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Contemporary Literature from Singapore

Abstract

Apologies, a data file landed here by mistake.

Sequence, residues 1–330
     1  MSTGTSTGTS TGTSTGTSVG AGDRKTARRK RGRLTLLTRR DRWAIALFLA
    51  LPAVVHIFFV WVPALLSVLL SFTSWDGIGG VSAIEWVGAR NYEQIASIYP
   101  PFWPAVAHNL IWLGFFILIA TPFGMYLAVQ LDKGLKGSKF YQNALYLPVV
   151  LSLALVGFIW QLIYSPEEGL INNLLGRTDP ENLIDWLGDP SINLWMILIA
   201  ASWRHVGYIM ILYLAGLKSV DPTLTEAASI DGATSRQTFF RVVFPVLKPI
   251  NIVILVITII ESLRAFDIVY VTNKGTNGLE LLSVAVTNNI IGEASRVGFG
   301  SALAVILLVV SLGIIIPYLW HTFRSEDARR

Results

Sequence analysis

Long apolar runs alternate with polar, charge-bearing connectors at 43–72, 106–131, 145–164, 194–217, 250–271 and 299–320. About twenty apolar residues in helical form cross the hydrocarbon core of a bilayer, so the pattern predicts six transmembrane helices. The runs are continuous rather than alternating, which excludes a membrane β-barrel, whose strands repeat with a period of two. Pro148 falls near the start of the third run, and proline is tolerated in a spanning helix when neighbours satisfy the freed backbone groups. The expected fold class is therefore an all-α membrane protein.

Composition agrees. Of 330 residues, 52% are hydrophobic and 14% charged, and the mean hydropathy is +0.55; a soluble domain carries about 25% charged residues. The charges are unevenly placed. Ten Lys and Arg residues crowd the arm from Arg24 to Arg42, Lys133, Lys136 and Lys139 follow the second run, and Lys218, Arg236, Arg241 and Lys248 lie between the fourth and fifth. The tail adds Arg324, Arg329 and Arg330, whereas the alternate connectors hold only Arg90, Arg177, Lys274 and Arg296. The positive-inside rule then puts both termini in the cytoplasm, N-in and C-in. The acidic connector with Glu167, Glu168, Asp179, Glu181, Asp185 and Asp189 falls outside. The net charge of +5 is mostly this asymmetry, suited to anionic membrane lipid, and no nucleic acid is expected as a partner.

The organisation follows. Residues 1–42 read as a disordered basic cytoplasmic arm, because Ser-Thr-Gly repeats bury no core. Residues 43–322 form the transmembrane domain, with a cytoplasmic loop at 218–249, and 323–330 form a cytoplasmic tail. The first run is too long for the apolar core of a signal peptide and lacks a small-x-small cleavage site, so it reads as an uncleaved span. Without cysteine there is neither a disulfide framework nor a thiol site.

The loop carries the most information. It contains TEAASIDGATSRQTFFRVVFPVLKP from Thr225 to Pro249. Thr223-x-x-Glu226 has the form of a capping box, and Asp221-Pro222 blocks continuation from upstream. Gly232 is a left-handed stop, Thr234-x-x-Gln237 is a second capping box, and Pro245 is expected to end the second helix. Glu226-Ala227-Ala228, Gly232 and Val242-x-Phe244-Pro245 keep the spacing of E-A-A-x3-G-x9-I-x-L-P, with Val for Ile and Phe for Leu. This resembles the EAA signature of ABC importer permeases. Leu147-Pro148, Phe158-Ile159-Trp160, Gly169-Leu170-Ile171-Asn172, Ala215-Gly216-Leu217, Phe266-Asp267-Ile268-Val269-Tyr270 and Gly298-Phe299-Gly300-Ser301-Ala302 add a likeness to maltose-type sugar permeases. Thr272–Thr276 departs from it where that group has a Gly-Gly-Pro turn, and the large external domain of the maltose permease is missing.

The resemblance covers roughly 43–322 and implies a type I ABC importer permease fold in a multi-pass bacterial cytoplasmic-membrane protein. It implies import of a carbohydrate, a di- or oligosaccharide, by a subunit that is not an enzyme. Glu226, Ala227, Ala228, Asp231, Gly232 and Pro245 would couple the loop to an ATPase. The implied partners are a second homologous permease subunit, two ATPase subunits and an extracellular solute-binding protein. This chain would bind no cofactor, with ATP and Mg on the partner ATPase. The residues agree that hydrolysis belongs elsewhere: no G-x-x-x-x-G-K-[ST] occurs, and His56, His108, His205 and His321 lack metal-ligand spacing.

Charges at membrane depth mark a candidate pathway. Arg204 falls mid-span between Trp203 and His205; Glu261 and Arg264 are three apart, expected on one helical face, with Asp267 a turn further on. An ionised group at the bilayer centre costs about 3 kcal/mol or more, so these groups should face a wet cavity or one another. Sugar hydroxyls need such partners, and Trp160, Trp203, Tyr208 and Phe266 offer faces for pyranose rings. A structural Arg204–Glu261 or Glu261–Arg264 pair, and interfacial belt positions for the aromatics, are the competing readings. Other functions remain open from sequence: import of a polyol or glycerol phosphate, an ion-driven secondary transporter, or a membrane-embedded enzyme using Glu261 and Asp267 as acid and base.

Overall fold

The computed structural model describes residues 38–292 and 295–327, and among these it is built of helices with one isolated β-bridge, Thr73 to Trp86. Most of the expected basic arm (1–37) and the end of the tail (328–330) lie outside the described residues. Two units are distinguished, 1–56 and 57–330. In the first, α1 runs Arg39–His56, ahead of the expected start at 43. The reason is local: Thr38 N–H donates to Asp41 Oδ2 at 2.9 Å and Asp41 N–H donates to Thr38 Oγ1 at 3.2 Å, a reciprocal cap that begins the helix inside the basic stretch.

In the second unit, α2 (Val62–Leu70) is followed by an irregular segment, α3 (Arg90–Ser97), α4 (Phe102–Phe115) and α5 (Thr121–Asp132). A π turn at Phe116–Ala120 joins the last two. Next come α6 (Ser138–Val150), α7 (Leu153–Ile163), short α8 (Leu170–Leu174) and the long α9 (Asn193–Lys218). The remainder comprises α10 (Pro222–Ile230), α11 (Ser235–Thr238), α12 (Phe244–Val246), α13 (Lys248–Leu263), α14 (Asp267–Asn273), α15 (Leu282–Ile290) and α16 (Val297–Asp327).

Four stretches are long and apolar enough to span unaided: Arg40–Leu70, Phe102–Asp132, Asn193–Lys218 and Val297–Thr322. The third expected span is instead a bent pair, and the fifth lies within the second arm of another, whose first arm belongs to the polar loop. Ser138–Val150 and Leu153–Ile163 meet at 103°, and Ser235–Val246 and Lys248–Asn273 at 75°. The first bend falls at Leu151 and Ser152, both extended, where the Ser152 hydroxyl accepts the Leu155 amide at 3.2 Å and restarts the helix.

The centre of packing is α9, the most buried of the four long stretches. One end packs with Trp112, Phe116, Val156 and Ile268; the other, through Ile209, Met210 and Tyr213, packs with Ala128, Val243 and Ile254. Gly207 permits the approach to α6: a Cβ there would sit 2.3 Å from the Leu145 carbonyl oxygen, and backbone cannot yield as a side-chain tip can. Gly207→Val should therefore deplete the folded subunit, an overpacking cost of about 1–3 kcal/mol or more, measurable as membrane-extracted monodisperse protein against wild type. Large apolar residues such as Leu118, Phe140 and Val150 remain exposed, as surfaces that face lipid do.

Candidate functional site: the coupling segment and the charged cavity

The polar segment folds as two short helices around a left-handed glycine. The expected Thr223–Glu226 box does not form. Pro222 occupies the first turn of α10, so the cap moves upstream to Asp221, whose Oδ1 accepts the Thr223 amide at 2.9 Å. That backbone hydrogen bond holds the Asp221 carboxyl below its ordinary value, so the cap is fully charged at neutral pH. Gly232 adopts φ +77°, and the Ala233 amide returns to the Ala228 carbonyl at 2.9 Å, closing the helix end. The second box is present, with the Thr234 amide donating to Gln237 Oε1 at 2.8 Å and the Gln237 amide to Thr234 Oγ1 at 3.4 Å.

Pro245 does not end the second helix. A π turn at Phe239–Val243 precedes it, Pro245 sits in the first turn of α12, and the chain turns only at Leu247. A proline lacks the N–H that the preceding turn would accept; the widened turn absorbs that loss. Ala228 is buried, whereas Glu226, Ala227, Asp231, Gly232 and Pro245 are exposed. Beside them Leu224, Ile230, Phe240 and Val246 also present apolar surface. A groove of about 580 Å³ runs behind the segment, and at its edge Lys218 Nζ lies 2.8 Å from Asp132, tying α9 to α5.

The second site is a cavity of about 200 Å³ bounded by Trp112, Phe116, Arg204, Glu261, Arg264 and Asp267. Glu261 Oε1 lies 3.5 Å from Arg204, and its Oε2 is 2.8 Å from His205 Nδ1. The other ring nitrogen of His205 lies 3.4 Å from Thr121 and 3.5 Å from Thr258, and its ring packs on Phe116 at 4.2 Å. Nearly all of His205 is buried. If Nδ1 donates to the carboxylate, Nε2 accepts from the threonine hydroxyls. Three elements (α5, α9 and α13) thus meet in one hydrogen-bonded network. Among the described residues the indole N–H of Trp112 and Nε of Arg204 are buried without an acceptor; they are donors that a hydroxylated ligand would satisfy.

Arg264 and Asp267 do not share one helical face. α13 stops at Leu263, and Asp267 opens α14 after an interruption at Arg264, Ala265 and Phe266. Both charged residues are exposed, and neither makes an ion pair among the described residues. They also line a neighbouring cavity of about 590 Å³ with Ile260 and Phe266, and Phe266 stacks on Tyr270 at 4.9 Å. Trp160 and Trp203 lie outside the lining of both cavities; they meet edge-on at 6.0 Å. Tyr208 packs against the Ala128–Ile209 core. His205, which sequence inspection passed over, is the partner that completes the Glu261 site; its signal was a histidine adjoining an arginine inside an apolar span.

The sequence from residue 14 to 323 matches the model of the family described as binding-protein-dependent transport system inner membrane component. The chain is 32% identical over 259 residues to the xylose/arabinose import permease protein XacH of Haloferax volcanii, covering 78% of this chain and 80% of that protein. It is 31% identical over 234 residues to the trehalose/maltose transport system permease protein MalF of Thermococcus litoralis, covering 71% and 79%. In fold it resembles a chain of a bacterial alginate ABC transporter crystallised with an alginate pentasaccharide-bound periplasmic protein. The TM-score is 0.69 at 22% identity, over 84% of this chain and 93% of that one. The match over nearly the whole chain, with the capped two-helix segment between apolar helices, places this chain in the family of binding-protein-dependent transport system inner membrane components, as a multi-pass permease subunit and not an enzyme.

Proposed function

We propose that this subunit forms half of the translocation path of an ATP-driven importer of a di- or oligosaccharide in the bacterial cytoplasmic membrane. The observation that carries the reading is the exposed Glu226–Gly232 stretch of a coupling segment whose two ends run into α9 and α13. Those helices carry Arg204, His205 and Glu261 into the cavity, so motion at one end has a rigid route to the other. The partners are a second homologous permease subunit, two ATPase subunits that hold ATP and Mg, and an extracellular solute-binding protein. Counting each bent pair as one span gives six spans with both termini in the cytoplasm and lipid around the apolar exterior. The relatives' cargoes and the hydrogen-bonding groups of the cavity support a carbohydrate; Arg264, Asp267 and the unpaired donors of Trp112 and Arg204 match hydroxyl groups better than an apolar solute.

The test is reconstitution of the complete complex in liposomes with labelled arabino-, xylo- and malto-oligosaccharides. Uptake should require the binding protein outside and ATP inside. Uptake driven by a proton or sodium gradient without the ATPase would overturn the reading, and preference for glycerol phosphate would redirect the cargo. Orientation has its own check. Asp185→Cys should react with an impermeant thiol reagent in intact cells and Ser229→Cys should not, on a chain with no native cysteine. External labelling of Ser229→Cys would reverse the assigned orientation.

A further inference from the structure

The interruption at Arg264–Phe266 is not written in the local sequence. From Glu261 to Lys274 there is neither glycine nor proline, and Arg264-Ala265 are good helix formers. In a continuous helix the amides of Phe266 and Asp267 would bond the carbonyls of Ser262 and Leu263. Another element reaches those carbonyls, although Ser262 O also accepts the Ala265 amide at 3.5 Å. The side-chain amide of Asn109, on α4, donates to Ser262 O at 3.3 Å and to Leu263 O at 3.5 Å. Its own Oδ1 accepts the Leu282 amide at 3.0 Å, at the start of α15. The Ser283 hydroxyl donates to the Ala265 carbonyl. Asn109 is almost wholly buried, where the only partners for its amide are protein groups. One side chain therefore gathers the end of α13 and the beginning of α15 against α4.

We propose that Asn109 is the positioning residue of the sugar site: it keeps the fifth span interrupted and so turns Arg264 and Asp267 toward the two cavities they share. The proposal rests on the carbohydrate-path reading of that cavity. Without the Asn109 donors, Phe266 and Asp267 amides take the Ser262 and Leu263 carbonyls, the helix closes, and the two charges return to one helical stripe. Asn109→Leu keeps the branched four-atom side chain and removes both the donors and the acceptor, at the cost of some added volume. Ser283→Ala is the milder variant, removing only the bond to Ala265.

Literature in Singapore is written in the country’s four official languages: Chinese, English, Malay, and Tamil. The various literatures flourished in the late 19th and early 20th centuries with the rise of print culture in the British colony, but after independence in 1965, English became emphasized in both the education system and society at large as part of the new government’s attempts to modernize the country. Chinese, Malay, and Tamil were seen as mother tongue languages to provide Singaporeans with cultural ballast while English was regarded as a language for administration, business, and scientific and technological development. Correspondingly, literatures in other languages than English reached a plateau in terms of writerly output and readership during the 1970s and 1980s. However, since 1999, with the state’s implementation of the Renaissance City Plan to revitalize arts and culture in Singapore, there have been various initiatives to increase the visibility of contemporary Singaporean writing both within the country itself and on an international scale. Translation plays a key role in bridging the linguistic and literary divides wrought by the state’s mother tongue policies, with several works by Cultural Medallion winners in different languages translated into English, which remains at present the shared language in Singapore. Literary anthologies are also invaluable forms through which the concepts of a national literature and national identity are expressed and negotiated. A number of anthologies involving Singaporean authors and those from other countries also highlight the growing international presence of and interest in Singaporean literature. Several anthologies also focus on the topic of urban space, city life, and the rapid transformation of Singapore’s physical environment. Writings about gender and sexuality have also become more prominent in single-author collections or edited anthologies, with writers exploring various inventive and experimental narrative forms. A number of poets and writers are also established playwrights, and theater has historically been and continues to be an extremely vital form of creative expression and cultural production. Graphic novels, crime and noir fiction, and speculative and science fiction publications are also on the rise, with the awarding of the Singapore Literature Prize to Sonny Liew’s The Art of Charlie Chan Hock Chye signaling that these genres merit serious literary consideration. A number of literary publications and materials related to Singaporean literature can be found on the Internet, such as the journal Quarterly Literary Review Singapore, the website Singapore Poetry, and the database Poetry.sg. Various nonprofit organizations are also working toward increasing public awareness about literature through events such as Singapore Poetry Writing Month, the Migrant Worker Poetry Competition, the Singapore Writers Festival and National Poetry Festival, and also through projects that exhibit poetry in train stations and on public thoroughfares.

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